DH:  I was only involved in the first three albums (plus some of the out-takes Carmine put on some of the later anthologies).
LRI:   The new album is simply titled KING KOBRA which makes sense on several levels. It is a rebirth of the band with all original members supplemented by a singer that would have fit nicely with you guys to begin with, the amazing Paul Shortino. It is the best album the band has ever made with all due respect to “Ready to Strike” and Paul plays a big part in the snake “shedding it’s skin” and moving on. Have you heard him do the old stuff yet and when can we expect to at least see a one off gig on youtube or a Monsters of Rock Cruise??????
DH:   We wait with bated breath…
LRI:   I have not read one bad review of the 2011 King Kobra. It sounds like you guys are getting together for a old fashioned barbeque with a bunch of lifetime friends and jamming on some old chestnuts. Carmine let it slip that it was actually recorded over time and many miles and done mostly via internet. Whatever the case….it worked. Did you guys realize you were doing something special while you were knee deep in this project? If none of you 5 record another note it will still stand as a really great record and a career highlight.
DH:  Thanks. We had fun and that’s all that counts. I make music for others to enjoy, so I hope this album can be the soundtrack for someone’s summer vacation.
LRI:   Not many people mention the track, “Fade Away” but to me it is proof that there really isn’t any filler on the album….Who came to the band with that song and how did you guys end up deciding how the album would be sequenced? For an album that is extra throaty and heavy it is the perfect ending.
DH:  I came up with the title, chords, structure and chorus melody/lyrics. Paul wrote the verse lyrics and melody. We’re a great writing team and he sang the crap out of that song.
LRI:  Many of you guys have had side projects, other jobs, studios to run…etc…Having said that, you ALL sound like you have a friggin point to prove to the rock collective with this album. The singing, shredding guitars and legendary rythym section seem to be threatening to kick some young whippersnapper ass. Did you guys go into it with a teeny tiney chip on your shoulder? Is that a good thing to have when recording?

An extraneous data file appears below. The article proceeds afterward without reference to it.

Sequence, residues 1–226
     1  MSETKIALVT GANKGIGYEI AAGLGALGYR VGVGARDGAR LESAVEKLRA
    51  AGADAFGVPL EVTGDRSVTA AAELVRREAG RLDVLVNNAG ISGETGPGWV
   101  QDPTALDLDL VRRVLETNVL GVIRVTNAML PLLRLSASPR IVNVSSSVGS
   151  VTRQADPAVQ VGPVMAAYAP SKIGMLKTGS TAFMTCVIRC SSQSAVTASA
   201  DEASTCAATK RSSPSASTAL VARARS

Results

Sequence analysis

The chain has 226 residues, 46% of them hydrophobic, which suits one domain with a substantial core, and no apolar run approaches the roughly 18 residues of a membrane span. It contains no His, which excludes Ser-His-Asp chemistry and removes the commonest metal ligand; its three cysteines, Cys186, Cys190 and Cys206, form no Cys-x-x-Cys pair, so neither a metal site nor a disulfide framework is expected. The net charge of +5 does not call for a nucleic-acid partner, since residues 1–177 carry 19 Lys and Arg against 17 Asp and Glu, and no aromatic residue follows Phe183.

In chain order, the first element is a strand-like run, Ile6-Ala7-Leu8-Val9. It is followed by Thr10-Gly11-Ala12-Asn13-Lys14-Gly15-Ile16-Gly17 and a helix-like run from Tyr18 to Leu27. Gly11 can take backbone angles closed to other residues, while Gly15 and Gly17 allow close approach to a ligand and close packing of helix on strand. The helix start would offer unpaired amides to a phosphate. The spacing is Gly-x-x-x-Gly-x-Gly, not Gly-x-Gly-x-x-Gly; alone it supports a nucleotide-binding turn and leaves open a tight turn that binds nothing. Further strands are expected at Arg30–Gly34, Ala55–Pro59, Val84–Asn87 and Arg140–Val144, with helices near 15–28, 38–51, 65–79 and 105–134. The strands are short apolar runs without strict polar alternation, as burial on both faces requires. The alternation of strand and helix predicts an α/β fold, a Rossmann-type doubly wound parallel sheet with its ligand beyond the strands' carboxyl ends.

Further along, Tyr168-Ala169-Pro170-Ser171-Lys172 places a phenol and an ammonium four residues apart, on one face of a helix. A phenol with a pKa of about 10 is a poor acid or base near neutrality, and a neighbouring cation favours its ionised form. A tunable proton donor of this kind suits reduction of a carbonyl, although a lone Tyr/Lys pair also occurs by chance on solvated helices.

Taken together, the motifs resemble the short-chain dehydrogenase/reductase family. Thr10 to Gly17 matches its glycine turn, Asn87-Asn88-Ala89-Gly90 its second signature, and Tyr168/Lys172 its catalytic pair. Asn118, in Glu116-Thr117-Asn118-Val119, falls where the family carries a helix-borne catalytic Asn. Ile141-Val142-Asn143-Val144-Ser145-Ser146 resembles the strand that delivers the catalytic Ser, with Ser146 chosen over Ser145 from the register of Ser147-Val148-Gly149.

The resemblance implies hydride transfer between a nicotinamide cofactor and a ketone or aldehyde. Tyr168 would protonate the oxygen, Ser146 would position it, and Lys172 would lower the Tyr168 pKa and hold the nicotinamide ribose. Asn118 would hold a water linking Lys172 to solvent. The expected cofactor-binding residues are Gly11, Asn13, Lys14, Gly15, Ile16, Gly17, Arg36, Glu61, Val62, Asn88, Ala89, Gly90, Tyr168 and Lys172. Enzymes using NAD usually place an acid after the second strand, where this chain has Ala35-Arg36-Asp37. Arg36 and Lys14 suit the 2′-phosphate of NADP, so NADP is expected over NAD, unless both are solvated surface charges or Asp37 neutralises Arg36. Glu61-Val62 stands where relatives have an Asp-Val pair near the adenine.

DH:  At this point, we just do what we do. No attitude, no chips-on-the-shoulder. Just old-school rock.

LRI:   Some of the sticking point with people’s misconceptions about the band go deeper than the Mark/Marcie thing or the Blond hair or whatever. There was always the hanging theory that it was the Carmine show and this album seems to correct a great deal of that. Perhaps the best thing about Paul joining is the shot in the arm it seems to have given you Johnny and Mick. No slight against Carmine or Mark Free but it truly sounds like an all-star affair this time out. Are you three happy with the way the guitars ended up sounding on this album?
DH:  I think Mick and I sound like we sound regardless of instrument or recording technique. We each have a personal style that shows prominently on this album. It’s been a pleasure playing with Mick again.
LRI:   There are a hell of a lot of leads on the album between you and Mr. Sweda. Tis a dumb question but is it easy for you to recreate live? Can you listen to it and tell who is playing what without trouble?
DH:  Sure, we can play all that stuff. No studio trickery here…
LRI:   Many of us have seen the kickass video footage of KK at the record signing at Camelot Records which is popular on YOUTUBE. Did most of those events go as well as that one and as a computer engineer do you love or hate the internet for the fact that clips like that can live forever? ( There is also some great live footage from Acupulco..)
DH:  I love the Internet and I love this day-and-age for music. If it wasn’t for technology, we never would have been able to do thisrecord.
LRI:   Thanks for sticking it out this long Dave…you’re off the hook…. any web sites, Twitters to plug, any final words to those of us still following the reptile since seeing a young David Michael Phillips onstage at Legendary Alpine Valley, Wisconsin a half million moons ago?????
DH: Check out my other two original projects: and 

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Category: Interviews